Listening To The People On The Ground

While the folks in DC tussle over whether the Oh-So-Very-Important words of General Petraeus will be delivered publicly or in a closed-door session, and whether the White House did or did not want it to be closed, a number of experienced soldiers have spared us the bother.

In what may for them be a career-limiting error, they have joined together to publish an op-ed in the New York Times. It is clear and refreshing in its honesty and willingness to confront the complexity of issues in Iraq. Particularly when set against the raft of statements from politicians and others who’ve dropped in for a few days of high-level military briefings, the words of these infantrymen and non-coms at the end of a 15-month deployment have a powerful credibility.

Read the whole thing. Here are some samples.

The claim that we are increasingly in control of the battlefields in Iraq is an assessment arrived at through a flawed, American-centered framework. Yes, we are militarily superior, but our successes are offset by failures elsewhere. What soldiers call the “battle space” remains the same, with changes only at the margins. It is crowded with actors who do not fit neatly into boxes: Sunni extremists, Al Qaeda terrorists, Shiite militiamen, criminals and armed tribes. This situation is made more complex by the questionable loyalties and Janus-faced role of the Iraqi police and Iraqi Army, which have been trained and armed at United States taxpayers’ expense.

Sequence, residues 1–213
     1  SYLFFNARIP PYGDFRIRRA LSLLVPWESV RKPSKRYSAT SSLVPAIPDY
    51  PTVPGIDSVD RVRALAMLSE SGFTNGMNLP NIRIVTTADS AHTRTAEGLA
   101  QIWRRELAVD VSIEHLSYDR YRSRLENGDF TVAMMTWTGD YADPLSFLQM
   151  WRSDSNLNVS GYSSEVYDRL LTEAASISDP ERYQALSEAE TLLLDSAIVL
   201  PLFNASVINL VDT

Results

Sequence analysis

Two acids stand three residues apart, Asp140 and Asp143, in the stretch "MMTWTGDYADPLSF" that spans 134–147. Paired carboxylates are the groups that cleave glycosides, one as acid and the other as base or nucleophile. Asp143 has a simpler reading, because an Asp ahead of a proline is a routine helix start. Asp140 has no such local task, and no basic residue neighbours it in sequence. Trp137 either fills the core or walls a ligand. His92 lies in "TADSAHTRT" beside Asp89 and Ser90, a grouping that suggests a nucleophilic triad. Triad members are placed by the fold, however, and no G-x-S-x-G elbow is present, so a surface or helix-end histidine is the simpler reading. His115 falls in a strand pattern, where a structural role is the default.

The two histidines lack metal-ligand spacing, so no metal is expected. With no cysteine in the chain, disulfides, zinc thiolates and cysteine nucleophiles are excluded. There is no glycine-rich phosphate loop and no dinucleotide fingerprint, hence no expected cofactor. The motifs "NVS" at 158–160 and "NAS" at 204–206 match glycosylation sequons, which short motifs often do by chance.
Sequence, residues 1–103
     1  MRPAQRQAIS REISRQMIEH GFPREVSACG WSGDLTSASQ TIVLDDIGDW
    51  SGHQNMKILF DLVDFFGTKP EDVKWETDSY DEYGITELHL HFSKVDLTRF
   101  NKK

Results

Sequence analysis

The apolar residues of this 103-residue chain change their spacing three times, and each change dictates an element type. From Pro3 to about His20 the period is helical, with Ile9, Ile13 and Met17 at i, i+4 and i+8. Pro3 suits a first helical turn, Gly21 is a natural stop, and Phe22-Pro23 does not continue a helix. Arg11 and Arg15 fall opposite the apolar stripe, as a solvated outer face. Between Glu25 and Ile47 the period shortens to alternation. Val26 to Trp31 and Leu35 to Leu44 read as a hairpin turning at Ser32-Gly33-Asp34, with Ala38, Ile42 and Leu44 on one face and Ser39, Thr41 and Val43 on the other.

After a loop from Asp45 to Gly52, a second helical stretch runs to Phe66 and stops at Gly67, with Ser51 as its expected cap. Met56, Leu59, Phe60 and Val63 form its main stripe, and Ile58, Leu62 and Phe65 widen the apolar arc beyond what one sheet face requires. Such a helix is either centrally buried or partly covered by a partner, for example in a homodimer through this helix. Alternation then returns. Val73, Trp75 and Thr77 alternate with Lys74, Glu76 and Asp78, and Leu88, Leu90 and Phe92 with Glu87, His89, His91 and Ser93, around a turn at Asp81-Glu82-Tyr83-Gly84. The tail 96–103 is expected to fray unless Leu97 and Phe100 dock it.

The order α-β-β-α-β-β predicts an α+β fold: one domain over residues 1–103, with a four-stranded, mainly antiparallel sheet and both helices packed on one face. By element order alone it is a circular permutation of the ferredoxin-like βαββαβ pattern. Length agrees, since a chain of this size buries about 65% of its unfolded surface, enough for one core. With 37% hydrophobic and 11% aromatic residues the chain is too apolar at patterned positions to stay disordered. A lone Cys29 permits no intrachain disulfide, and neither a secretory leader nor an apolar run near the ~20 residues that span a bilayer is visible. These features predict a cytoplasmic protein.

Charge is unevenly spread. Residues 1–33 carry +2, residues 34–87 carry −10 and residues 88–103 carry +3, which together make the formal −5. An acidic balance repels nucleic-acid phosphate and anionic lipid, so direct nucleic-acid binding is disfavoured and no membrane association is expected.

A few nights ago, for example, we witnessed the death of one American soldier and the critical wounding of two others when a lethal armor-piercing explosive was detonated between an Iraqi Army checkpoint and a police one. Local Iraqis readily testified to American investigators that Iraqi police and Army officers escorted the triggermen and helped plant the bomb. These civilians highlighted their own predicament: had they informed the Americans of the bomb before the incident, the Iraqi Army, the police or the local Shiite militia would have killed their families.

As many grunts will tell you, this is a near-routine event. Reports that a majority of Iraqi Army commanders are now reliable partners can be considered only misleading rhetoric. The truth is that battalion commanders, even if well meaning, have little to no influence over the thousands of obstinate men under them, in an incoherent chain of command, who are really loyal only to their militias.

As for the political situation,

Political reconciliation in Iraq will occur, but not at our insistence or in ways that meet our benchmarks. It will happen on Iraqi terms when the reality on the battlefield is congruent with that in the political sphere. There will be no magnanimous solutions that please every party the way we expect, and there will be winners and losers. The choice we have left is to decide which side we will take. Trying to please every party in the conflict — as we do now — will only ensure we are hated by all in the long run.